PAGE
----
collection and a novella.  When Cain is
in Dublin, we can meet up and exchange
literary criticism and even books.
Best wishes!”


Linda Kinnunen [photographer]
Tucson, Arizona

“I enjoy the use of word imagery by Séamas
Cain.  He is a brilliant writer.”


Sharon F. Kissane, Ph.D.,
South Barrington, Illinois

is a joy to read and re-read.  His allegorical
style, rich in animal imagery, causes one
to pause and reflect.  I feel Cain's voice is
unique and has some of the fetching quality of
Dylan Thomas.  In poems such as ‘The Emerald
Stone,’ Cain employs the repetitive technique
of Gertrude Stein ala: ‘sky is green green
cormorant green.’  Memorable lines abound
throughout this chapbook.  I like the stirring
introductory lines to ‘The Delectable Mountain
& The Silver Mountain.’  I am proud to possess
a copy of this chapbook and I hope to enjoy
future chapbooks from this gifted poet.”


Edward O. Knowlton [visual artist]
Malden, Massachusetts

“Autumn Greetings!  This previous week
I had the pleasure to read two chapbooks
of poetry by a certain Séamas Cain then
published by the Silver Birch Press and
the Duluth Art Institute.  After scanning
the material in poet Cain's chapbooks I
sense that he's developed a sincere
dedication that allows him to express
language in refined and beautiful styles.
Out of my opinion, poet Cain has the
ability to bring color to a variety of
the more disenchanting aspects of existence
which are often difficult to ignore.  Indeed,
Cain creates an inward power of attraction to
everything he writes of.  I trust that readers
will consider his further works as they may
hopefully continue.  You've made a truly
fruitful selection.”


Márton Koppány [poet]
Director of the Institute of
Broken and Reduced Languages,
Budapest, Hungary

“Re:  the marsh-hen dies among the
crickets!  I've been reading the poems
of Séamas Cain with real interest —
and with two huge dictionary-volumes
on my lap.  But as I see and/or feel,
imagine — Cain represents with great
precision and with a good deal of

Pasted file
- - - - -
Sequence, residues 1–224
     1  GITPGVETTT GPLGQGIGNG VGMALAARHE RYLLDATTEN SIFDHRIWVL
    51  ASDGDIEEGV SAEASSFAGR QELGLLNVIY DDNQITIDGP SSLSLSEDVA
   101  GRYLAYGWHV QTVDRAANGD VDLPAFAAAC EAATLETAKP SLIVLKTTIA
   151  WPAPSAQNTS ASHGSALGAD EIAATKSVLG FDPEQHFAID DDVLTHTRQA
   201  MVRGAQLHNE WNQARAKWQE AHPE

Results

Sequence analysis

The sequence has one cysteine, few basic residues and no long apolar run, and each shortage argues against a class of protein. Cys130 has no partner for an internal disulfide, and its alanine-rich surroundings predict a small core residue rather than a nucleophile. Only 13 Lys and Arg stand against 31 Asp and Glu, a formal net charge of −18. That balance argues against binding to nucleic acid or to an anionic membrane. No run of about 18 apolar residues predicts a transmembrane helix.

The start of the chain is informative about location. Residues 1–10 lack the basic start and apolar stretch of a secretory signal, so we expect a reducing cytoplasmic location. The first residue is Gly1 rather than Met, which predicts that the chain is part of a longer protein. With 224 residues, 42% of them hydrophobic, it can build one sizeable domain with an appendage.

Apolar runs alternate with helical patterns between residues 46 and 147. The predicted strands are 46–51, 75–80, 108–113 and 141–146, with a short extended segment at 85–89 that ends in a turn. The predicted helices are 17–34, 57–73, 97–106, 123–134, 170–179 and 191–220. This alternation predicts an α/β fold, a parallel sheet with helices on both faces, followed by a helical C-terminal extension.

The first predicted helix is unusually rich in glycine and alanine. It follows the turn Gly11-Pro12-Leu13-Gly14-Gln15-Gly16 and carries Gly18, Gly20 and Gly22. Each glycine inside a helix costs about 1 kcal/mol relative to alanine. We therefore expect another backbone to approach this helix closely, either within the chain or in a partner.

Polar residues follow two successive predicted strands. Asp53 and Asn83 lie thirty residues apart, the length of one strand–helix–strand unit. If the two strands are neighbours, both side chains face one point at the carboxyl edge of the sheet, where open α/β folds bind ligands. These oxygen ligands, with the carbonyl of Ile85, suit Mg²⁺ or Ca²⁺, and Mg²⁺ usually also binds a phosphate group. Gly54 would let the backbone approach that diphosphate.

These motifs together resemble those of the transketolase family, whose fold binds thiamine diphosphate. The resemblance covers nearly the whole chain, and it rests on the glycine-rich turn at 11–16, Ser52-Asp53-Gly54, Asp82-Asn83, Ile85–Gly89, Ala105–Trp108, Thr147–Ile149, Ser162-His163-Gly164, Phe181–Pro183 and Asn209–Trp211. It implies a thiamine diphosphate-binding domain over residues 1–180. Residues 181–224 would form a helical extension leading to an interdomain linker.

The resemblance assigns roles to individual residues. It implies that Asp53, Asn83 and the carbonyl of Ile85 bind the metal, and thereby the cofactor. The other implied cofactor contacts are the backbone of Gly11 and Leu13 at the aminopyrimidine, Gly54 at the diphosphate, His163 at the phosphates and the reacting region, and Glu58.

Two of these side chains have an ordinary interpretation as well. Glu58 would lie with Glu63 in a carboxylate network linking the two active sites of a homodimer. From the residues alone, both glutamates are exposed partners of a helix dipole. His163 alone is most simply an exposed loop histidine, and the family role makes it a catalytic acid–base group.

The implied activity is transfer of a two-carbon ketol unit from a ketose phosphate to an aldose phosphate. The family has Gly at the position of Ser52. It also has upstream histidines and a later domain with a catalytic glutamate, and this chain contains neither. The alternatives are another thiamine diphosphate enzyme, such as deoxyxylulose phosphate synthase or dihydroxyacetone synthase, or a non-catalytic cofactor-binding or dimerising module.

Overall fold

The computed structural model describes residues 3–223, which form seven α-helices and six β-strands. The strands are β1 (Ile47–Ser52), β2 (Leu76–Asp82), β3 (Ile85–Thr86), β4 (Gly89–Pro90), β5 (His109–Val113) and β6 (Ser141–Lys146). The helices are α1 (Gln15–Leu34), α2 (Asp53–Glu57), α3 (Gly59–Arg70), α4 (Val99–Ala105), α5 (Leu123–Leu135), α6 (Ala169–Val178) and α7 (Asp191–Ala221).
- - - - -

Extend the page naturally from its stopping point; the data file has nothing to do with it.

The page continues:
existential humor the averbally —
or, better, aconceptually — rich
flora and fauna of THIS moment...”


Dennis Koran [poet]
Los Angeles, California

“I enjoyed reading the poems of Séamas
Cain.  I wish him luck in his endeavors.”


Jeffery Lewis [poet]
Minong, Wisconsin

“I read sizable portions of Séamas Cain's
work.  BIRD'S FOOT, the first book I read,
has no personal pronoun or focused point of
view in it.  Poems are like tortured dream
landscapes, inscapes with a real Boschian feel,
flare, where things just happen.  There is
evidence of acute intelligence and poetic
‘gift’ in the original and often beautiful
imagery — but I don't really like the surreal
landscapes and obviously intentional
impersonality of the writing.

“The second book I read, INDEX OF REFRACTION,
more recent, is quite different, and much more
likeable.  Something seems to have happened to
Cain between the two books.  He now uses, albeit
tentatively, a small ‘i’ to focus the poems.
Also, instead of a dangerously berserk
poetic-spirit-body landscape moving to some
‘golden spur’ of an unintelligible whim,
there's now — something different — a sense
of a personal anchor set down in the roiling
metaphysical, a planet as alien as any in any
solar system.  I can't discern, given Cain's
very personal use of imagery, precisely what
it is that has happened.  Personal agony for
one thing.  Maybe it is also a matter of form
as he's dropped all poetic artifice including
the annoying capital letters that began each
line in BIRD'S FOOT.  This makes these newer
poems easier to read, more engaging.  There's
a torment here — almost of — words, of language,
of the body of language — of the Holy Ghost
becoming animal becoming symbol becoming tendon
in some awful alchemical process.  Perhaps
there's a sense of the Word gone mad, insane,
no creator reining it in, no human creator
daring to assert order here.  There is also
hatred for the flesh, flesh a trap — for
light?  Angel trapped in rhino, Passion
trapped in tropism, Dylan Thomas lost and
drunk in a Ford factory, the singing being
processed by robot welders, earthquakes in
old testaments, horror dipped in varnish to
make it forever.  And an ‘i’ in here.  But an
unconvinced i, ego.  Maybe a slight recovery
of the metaphysical will in the berserk semen
of God.  But still the small i fears to touch,
blames itself for nightmare metamorphoses that
are not its fault.  The small i still unwilling